The 1945 painting The Tropical Flower bears a unique dedication to Lenka on the back "To Lenka, who was, to me, as this canna, the tropical flower". In 1946 Tretchikoff was successfully reunited with his family in South Africa while Lenka went to Singapore where she was closely involved in identifying Japanese war criminals. She later married and moved to The Netherlands were this painting held pride of place on her living room wall.
Estimate R1.7million to R1.9million

Icon Barbare (Adam) by Alexi Preller

This striking oil and gold leaf painting of the biblical Adam by one of South Africa's most influential 20th Century artists references both Christian religious iconography and ancient Greek and pagan symbolism. Filled with spiritual and mystical allusions, such as a symbolic third eye at the centre of the forehead, serpent-like bands across the torso and a Christ-like beard and crop of vivid sea-green that similarly reminds of growing vines, it is a startingly beautiful and luminescent painting that is filled with the mystery and mysticism that continue to make Preller such a compelling artist to this day.
Estimate R8.5million to R10million

African Goat by Ezrom Legae

This delightful, diminutive 68cm high sculpture is one of the more playful sculptures produced by one of South Africa's most important sculptors, the late Ezrom Legae. Legae often depicted animals in his works, frequently using the images of chickens, horses or dogs as metaphors for the pain and suffering experienced at the hands of the apartheid regime. This sculpture was created in 1990 and is reminiscent of modernist masters such as Giacometti while also referencing the playfulness of Picasso's more life-like 1950 bronze She Goat.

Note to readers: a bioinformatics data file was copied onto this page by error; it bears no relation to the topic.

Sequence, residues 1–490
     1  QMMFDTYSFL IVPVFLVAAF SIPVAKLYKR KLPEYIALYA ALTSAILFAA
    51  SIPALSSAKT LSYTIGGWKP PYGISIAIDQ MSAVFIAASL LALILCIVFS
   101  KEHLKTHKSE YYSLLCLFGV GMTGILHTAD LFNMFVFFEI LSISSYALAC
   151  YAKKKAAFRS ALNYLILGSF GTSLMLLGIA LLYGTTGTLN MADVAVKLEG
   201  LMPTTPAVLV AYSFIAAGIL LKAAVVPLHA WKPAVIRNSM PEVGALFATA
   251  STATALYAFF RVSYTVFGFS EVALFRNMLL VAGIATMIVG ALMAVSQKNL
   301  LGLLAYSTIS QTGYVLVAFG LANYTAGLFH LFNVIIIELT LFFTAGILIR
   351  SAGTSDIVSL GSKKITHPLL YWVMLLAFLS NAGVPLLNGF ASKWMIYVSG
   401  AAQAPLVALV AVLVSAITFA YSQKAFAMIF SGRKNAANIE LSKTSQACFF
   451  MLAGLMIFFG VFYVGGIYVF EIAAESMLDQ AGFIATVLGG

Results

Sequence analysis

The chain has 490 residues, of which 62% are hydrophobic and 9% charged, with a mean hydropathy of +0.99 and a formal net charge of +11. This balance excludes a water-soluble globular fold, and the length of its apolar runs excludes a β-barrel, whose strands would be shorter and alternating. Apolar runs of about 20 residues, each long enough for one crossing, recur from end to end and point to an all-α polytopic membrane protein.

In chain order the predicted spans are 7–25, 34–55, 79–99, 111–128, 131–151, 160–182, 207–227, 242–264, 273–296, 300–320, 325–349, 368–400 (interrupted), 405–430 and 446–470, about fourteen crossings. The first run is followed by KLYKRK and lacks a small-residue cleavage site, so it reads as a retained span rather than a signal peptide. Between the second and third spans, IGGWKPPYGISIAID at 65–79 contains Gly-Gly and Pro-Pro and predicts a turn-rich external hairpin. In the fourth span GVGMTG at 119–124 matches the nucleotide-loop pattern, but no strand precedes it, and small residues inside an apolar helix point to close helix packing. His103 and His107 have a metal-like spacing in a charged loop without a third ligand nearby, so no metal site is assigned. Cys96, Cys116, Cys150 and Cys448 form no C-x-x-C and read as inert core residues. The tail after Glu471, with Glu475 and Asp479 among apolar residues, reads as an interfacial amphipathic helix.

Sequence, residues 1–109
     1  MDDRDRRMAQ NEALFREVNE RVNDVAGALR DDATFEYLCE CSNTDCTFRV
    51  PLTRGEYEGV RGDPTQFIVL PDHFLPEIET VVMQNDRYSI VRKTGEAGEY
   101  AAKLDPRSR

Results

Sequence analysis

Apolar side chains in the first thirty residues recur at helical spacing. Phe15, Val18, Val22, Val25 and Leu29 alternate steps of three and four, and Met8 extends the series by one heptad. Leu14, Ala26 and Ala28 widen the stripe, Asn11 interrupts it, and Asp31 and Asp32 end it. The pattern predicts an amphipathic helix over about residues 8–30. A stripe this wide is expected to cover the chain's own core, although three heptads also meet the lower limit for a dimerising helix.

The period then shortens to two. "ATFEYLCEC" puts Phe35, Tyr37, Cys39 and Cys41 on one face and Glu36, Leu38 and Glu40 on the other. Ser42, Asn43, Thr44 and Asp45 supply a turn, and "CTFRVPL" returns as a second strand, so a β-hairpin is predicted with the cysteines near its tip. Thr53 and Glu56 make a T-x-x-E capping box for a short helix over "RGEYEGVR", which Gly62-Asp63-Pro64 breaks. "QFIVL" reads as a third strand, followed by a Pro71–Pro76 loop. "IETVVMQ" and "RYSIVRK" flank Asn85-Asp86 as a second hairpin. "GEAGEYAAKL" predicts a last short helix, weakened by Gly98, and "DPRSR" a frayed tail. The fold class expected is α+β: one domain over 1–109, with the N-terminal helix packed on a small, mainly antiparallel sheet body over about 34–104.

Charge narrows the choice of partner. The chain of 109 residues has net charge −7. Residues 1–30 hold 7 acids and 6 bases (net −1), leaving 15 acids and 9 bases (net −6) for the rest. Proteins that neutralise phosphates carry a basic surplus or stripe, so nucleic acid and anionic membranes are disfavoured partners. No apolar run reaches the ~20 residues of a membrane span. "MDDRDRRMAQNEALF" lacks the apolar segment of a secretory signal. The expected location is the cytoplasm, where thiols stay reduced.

Estimate R1million to R1.5million

Act I Scene II by Penny Siopis

This extraordinarily brightly coloured and richly textured oil painting by one of South Africa's most prominent contemporary artists, Penny Siopis, was painted in 1986. It is part of a series of iconic paintings that she made in the early 1980s inspired by the 17th Century style of history painting and Dutch 'vanitas' still lifes. These paintings typically depicted grand dining halls and tables overloaded with fruit, flowers, cakes and bric-a-brac from her studio which she has described as "allegories of excess". 

The scene in this painting was staged in Siopis's studio and featured some of her students as well as the artist herself (the naked figure on the floor draped in a white sheet) and is filled with symbols of privilege and excess such as the richly textured French brocade curtain, taxidermied animals, classical statuettes and an almost psychedelically coloured cake, as well as some gruesome elements such as a ripped out heart and the skeleton of a bird, all of which reference the privileges, pretenses and excess of late-apartheid era South Africa as the country was on the brink of collapse. 
Estimate R2.8million to R3.5million

Iris by William Kentridge

Markedly different to much of Kentridge's body of work, which is typically monochramatic in palette, this colourful depiction of an iris by the world-famous Joburg-based contemporary artist, nevertheless is instantly recognisable as Kentridge's hand. The large-scale mixed media collage was created in 1991 using a collage technique which Kentridge still often uses today.

The image is essentially constructed from an arrangement of flat shapes torn out of paper that has been prepared in bold blue, green and purple pigments. After being collaged onto the grey paper background, like actors and props on a stage, Kentridge then drew over the flower, accentuating the finer details of the flower to capture its delicate movement. 
Estimate R3million to R5million